Mobile Apps | Feature
Student-Sourced, Crowdsourced Mobile Apps
At Bryant University, mobile apps start with a student competition for mobile app ideas, then move into crowdsourcing and more.
When students at Rhode Island's Bryant University have an idea for an institutional mobile app, they have an opportunity to see it come to fruition — if they can make a compelling pitch. More than two years ago, Chuck LoCurto, newly appointed vice president and CIO at the university, got together with Bryant trustees to develop an annual "app-a-thon" competition. Students have 10 minutes to pitch their app idea to a panel of judges, consisting of LoCurto, a trustee professor, the executive director of university relations, the associate director of academic computing and media services and a software developer. Judging the competition is based on a predetermined set of criteria, including look and feel, navigation and design, simplicity and uniqueness of concept. Winners are awarded with a Windows 8 tablet.
"Our mobile app conceptualization is always done in conjunction with students," said LoCurto. "Business majors. Arts and sciences. It doesn't matter. We want student input. Last year's winning pitch becomes this year's app."
The result of the first competition was a dining app that provides menus, hours and nutritional information for campus eateries. This year's app, RoomFinder, is a tool for finding study spaces on campus. It launched this April and has been well received by students.
The RoomFinder idea grew out of a demand by students for study spaces where they could collaborate with peers. Students had been squatting in unoccupied classrooms between classes, at night and on weekends — and without a scheduling system, there was no way to know which rooms were available. The app shows rooms by building and room number, with either a green status for "available" or a red status for "occupied." To determine a room's occupancy status, RoomFinder taps into the university's Crestron occupancy sensors, which were installed a few years ago as part of a green classroom initiative (the sensors turn off AV equipment when rooms are not in use).
If the app-a-thon is a way to crowdsource idea generation to Bryant's student population, the subsequent development process takes crowdsourcing to another level. Once the idea for an app has been initiated and approved, LoCurto and his IT team work with Topcoder, a crowdsourcing community recently acquired by Appirio, a global cloud consultancy headquartered in San Francisco, to come up with the app's user interface.
"We use Topcoder for ideas and innovation," said LoCurto, "and also for getting multiple 'look and feel' possibilities to choose from on a single proposed app. When Topcoder mocks up the UI, we actually get code."
"Crowdsourcing at Topcoder is all about making work fun while producing amazing results," explained Mike Morris, Topcoder general manager. "We have over 630,000 experts that span software design, development and data science, and they compete with each other to solve real-world problems. Projects are broken down into discrete challenges, which may start with an idea that the community converts into screenshots. Screenshots become a working prototype, and that prototype is built into a production- ready application, designed, built and tested by the community through challenges." Topcoder community members are rewarded with cash prizes, recognition, and the learning they get from their peers.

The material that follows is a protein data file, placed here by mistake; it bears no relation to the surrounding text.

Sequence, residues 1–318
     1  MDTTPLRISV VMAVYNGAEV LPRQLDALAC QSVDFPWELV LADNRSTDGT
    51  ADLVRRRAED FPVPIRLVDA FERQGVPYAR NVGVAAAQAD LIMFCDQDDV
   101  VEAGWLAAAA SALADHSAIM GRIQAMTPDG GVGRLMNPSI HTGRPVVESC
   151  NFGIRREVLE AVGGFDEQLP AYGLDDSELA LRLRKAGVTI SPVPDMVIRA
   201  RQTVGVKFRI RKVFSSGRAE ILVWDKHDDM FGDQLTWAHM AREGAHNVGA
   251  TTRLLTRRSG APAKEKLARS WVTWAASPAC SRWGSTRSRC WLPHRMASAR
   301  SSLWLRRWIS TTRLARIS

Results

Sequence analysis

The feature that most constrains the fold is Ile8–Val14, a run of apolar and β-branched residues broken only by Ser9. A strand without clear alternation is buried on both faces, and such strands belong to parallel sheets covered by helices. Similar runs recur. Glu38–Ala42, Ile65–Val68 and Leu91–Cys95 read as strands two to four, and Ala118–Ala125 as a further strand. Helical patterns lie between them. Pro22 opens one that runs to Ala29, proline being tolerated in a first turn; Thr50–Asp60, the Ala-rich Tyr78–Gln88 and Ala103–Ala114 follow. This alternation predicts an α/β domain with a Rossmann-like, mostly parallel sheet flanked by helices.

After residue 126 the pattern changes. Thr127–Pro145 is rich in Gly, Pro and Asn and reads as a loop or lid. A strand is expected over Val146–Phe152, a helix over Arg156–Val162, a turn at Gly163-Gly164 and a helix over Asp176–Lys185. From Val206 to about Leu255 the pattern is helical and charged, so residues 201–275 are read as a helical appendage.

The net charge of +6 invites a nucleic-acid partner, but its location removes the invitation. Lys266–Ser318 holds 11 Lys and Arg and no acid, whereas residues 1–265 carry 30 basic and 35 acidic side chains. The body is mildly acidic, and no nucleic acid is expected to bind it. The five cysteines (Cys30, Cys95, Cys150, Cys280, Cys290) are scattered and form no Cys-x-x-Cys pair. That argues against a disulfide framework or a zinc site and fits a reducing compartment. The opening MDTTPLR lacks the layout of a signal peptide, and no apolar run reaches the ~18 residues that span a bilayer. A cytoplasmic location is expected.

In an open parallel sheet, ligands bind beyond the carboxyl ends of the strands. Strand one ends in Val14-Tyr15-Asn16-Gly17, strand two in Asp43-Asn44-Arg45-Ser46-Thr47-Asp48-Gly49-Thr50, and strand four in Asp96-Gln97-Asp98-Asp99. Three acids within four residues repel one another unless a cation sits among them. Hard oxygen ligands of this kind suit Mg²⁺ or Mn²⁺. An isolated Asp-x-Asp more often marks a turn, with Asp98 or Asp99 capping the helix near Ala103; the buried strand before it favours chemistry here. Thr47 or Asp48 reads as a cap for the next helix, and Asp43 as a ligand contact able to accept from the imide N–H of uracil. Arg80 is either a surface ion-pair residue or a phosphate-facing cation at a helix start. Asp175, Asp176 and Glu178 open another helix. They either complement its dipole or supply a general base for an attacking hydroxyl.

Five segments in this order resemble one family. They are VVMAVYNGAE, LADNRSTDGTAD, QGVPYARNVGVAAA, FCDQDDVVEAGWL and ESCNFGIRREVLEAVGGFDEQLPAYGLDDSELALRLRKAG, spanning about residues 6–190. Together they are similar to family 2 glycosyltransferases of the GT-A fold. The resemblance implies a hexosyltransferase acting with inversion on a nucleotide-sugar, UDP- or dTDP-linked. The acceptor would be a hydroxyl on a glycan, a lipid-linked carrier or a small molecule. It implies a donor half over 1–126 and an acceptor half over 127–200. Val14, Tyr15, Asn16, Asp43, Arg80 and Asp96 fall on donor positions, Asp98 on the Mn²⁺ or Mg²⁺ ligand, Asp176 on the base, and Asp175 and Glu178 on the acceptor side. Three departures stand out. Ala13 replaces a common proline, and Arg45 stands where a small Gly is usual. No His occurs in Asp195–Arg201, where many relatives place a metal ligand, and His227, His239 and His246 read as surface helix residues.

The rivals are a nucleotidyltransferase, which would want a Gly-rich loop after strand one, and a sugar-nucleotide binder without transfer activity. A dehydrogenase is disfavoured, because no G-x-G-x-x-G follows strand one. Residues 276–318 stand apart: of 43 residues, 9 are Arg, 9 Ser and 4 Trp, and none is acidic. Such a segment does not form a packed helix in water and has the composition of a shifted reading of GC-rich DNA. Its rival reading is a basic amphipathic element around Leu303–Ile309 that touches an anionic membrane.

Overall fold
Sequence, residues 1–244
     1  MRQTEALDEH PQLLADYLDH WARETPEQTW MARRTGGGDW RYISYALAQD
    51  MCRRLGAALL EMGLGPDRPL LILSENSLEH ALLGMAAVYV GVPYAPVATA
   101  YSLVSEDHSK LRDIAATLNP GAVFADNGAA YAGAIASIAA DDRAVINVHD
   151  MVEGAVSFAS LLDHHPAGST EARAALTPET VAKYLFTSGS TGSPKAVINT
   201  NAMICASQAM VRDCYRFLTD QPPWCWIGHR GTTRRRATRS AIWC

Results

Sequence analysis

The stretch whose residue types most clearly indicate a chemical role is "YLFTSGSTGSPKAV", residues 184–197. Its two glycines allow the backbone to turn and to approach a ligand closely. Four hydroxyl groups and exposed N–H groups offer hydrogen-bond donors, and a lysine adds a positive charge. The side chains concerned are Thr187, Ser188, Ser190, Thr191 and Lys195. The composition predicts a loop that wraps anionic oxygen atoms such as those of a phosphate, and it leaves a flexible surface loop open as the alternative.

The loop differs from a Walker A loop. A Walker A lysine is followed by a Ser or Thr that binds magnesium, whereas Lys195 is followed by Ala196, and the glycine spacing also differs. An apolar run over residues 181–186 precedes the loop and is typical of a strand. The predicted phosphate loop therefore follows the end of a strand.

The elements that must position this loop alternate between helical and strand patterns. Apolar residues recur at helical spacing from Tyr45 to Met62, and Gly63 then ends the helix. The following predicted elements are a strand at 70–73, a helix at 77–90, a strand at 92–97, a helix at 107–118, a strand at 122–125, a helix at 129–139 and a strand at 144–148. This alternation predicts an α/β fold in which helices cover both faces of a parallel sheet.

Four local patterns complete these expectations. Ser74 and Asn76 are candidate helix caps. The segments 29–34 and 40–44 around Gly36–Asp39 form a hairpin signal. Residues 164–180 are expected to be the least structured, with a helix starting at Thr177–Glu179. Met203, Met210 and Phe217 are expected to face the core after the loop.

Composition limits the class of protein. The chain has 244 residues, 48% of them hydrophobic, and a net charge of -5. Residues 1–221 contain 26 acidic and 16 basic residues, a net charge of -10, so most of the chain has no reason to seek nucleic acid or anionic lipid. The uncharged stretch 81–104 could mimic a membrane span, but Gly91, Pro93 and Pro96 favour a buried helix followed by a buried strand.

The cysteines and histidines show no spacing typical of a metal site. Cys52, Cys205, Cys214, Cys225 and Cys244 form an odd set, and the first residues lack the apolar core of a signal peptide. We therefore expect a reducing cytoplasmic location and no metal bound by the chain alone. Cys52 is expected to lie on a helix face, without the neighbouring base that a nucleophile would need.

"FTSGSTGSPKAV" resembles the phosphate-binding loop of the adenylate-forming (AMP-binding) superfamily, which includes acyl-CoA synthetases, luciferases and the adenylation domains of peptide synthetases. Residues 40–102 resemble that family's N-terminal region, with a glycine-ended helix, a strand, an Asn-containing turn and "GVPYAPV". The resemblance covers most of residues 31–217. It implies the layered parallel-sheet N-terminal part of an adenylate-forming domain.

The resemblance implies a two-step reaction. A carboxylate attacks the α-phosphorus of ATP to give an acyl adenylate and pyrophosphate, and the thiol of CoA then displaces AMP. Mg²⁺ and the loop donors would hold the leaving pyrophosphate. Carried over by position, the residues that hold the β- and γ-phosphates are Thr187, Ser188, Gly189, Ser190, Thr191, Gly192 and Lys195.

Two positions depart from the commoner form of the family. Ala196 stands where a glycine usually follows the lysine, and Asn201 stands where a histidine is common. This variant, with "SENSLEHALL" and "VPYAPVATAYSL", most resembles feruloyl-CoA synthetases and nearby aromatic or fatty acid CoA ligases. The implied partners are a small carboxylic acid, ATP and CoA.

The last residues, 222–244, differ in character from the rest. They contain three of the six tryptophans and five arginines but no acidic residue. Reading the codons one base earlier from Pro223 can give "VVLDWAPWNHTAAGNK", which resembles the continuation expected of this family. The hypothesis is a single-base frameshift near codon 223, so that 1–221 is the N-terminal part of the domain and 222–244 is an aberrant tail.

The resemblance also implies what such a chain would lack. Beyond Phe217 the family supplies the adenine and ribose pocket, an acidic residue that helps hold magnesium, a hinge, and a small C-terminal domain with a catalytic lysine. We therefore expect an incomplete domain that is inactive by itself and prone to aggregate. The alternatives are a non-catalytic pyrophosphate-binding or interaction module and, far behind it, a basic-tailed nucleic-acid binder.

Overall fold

"With Topcoder," noted LoCurto, "I know in advance how much each step of the process will cost. Their fees are not based on time and materials, and this is unusual in Information Technology."
Armed with the UI options from Topcoder, LoCurto and his team move the app into development. "Our team determines who can develop it — an internal or an external team," said LoCurto. "Our IT team handles project management and coordinates testing and integration. When the app is ready for deployment, it comes back to the students, one of whom is hired to handle the marketing of the new app."
The CampusEAI Consortium has assisted in deploying the last couple of releases of Bryant's mobile apps. An international IT services provider headquartered in Cleveland, CampusEAIworks with LoCurto and his team on app development and also hosts the school's my.Bryant portal. "CampusEAI helped us develop our full suite of mobile apps," said LoCurto. "They got us into the app store with a series of apps that interface with our ERP (Banner) student information system. They also do the maintenance on our mobile apps."
Student Participation Is Key
The app-a-thon approach helps make students feel that they own the mobile app project, pointed out LoCurto. "The student worker who markets the mobile app is paid and has a title: student communication support specialist. The students come up with the idea, name the app, pick the UI and handle the marketing of the app after it is developed. This gives them a strong sense of ownership."
LoCurto offers four tips for any crowdsourced mobile app project:
- Let your teams own the project/competition, and let your teams self-select on some of the work as well.
- You must have in-house talent for an app development project to work. It's not about outsourcing at all: It's about innovation, getting new ideas, buying your team some "variable cost" help and having fun in the process.
- Encourage your team to accept help. You need to "crack the code" on the age-old excuse, "We want to do the work but we don't have time. We don't want anyone to help, so the work won't get done until we're ready to do it."
- In order for this to work, you need one or two people who are willing to volunteer. Find a way to incentivize them. It's great fun!
Toni Fuhrman is a writer and creative consultant based in Los Angeles.